It was common practice then for public intellectuals to criticize each other, like members of a quarreling family. If that made for some nasty competitiveness, it also showed that ideas were taken seriously enough to be tested in written debate. This was particularly true for the group, largely Jewish, that was centered around Partisan Review, the New York Intellectuals. Their approach was shrewdly anatomized by Irving Howe, himself one of them: “In their published work during these years, the New York intellectuals developed a characteristic style of exposition and polemic. With some admiration and a bit of irony, let us call it the style of brilliance. The kind of essay they wrote was likely to be wide-ranging in reference, melding notions about literature and politics, sometimes announcing itself as a study of a writer or literary group but usually taut with a pressure to ‘go beyond’ its subject, toward some encompassing moral or social observation. It is a kind of writing highly self-conscious in mode, with an unashamed vibration of bravura. Nervous, strewn with knotty or flashy phrases, impatient with transitions and other concessions to dullness, calling attention to itself as a form or at least an outcry, fond of rapid twists, taking pleasure in dispute, dialectic, dazzle—such, at its best or most noticeable, was the essay cultivated by the New York writers.”
One thing to observe about the essays that dominated the postwar era on into the mid-1960s was the prevalence of a formal intellectual tone. Regardless of how their positions may have differed or how much they lambasted each other, they were all writing to show off their intelligence and learning. Though bristling with intended charisma, they still seemed attached to the impersonal ideal that T. S. Eliot had advocated in his famous essay “Tradition and the Individual Talent.” Seymour Krim, a late arrival on the scene, described how difficult it could be for a young aspiring critic to adopt the approved manner: “For people of my age and bent . . . the whole PR [Partisan Review] phenomenon along with the Kenyon Review, the Sewanee, the Hudson Review . . . and all the others unfertilized into being by the Anglo-Protestant New Critical chill was a very bad, inhibiting, distorting, freakish influence. It made us ashamed to be what we were and the cruel acid of its standards tore through our writing and scarred our lives as well; in our prose we had to put on Englishy airs, affect all sorts of impressive scholarship and social register unnaturalness and in general contort ourselves into literary pretzels in order to slip through their narrow transoms and get into their pages.”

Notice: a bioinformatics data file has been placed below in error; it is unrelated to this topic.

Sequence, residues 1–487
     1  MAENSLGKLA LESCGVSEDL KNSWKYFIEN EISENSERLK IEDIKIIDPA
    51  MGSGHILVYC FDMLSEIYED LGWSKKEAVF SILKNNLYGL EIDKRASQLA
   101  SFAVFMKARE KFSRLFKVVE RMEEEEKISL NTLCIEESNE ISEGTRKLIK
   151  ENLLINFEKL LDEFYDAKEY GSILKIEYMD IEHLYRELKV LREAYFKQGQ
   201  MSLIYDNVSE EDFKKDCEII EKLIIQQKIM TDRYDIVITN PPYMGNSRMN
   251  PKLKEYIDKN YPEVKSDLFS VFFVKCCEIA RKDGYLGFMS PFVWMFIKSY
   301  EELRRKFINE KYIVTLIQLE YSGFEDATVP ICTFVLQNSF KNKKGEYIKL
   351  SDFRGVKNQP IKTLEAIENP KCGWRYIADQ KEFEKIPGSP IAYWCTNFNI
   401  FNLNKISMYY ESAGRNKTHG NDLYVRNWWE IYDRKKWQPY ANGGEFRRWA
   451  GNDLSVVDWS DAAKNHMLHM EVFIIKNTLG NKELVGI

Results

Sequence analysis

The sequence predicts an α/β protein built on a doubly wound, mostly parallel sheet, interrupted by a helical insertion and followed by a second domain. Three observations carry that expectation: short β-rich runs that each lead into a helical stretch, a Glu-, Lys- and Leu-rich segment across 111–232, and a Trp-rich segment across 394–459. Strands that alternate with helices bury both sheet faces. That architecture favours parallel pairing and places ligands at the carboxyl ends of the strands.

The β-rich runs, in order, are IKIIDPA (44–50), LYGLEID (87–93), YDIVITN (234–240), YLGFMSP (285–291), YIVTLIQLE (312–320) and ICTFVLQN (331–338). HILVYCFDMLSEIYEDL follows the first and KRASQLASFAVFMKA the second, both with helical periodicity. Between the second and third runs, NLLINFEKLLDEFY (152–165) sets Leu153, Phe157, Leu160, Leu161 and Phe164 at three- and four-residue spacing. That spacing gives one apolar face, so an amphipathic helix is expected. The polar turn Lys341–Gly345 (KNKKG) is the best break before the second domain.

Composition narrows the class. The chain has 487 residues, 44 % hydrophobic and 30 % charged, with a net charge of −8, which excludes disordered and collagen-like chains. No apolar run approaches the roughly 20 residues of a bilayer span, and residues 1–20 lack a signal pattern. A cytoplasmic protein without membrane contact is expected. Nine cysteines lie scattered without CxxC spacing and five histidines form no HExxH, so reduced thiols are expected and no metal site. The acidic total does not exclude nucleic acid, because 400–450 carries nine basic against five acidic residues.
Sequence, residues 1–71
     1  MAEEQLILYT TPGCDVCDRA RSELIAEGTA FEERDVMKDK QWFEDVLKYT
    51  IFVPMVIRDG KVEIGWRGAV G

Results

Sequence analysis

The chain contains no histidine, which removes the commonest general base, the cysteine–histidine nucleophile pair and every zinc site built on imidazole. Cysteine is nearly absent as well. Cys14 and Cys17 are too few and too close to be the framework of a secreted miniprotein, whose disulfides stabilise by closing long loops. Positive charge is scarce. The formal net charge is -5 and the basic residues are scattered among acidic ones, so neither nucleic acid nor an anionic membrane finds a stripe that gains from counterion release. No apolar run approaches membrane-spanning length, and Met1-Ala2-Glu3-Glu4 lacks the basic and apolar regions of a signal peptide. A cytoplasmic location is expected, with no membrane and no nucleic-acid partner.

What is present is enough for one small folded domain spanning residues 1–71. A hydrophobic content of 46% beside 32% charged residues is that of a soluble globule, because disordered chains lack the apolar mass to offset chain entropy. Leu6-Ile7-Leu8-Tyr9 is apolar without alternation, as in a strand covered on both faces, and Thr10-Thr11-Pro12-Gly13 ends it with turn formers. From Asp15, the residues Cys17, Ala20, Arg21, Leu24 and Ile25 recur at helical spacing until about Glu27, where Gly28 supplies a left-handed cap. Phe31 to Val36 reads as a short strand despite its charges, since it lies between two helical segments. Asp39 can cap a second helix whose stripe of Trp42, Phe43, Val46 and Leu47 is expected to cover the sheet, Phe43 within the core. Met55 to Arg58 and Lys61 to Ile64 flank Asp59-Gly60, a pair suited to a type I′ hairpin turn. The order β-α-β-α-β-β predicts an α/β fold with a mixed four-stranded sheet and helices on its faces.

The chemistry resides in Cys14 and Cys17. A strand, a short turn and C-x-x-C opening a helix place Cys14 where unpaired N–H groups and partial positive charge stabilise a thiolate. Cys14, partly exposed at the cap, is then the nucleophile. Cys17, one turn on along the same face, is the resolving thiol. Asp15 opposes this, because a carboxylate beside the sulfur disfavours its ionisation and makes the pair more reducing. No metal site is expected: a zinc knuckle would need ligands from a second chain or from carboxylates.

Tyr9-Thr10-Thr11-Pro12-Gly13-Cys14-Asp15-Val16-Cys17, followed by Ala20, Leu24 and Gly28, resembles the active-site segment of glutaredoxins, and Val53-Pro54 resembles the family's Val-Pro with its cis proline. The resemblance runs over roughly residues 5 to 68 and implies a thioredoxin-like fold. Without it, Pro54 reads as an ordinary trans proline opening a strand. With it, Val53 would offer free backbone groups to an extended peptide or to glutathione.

In the sixties, that high formal tone of Trilling or Gore Vidal that had signified quality in American nonfiction prose began to break down. Brasher vernacular voices emerged first among the New Journalists: Tom Wolfe, Hunter S. Thompson, and Krim himself (who took inspiration from the Beats’ Jack Kerouac) put forward a flashy, no-holds-barred, jazzy, sometimes stream-of-consciousness style and an insistent way of inserting themselves as protagonists into the reported story. Even the more elegant New Journalism prose stylists, such as Joan Didion and Norman Mailer, proceeded from more subjective autobiographical assumptions. It would not be long before the essay genre itself became dominated by the personal essay. This shift away from the impersonal was in line with a growing distaste for the all-knowing authority of the public intellectual, who was perceived as academic or elitist.
Copyright © 2021 by Phillip Lopate. All rights reserved. No part of this excerpt may be reproduced or reprinted without permission in writing from the publisher.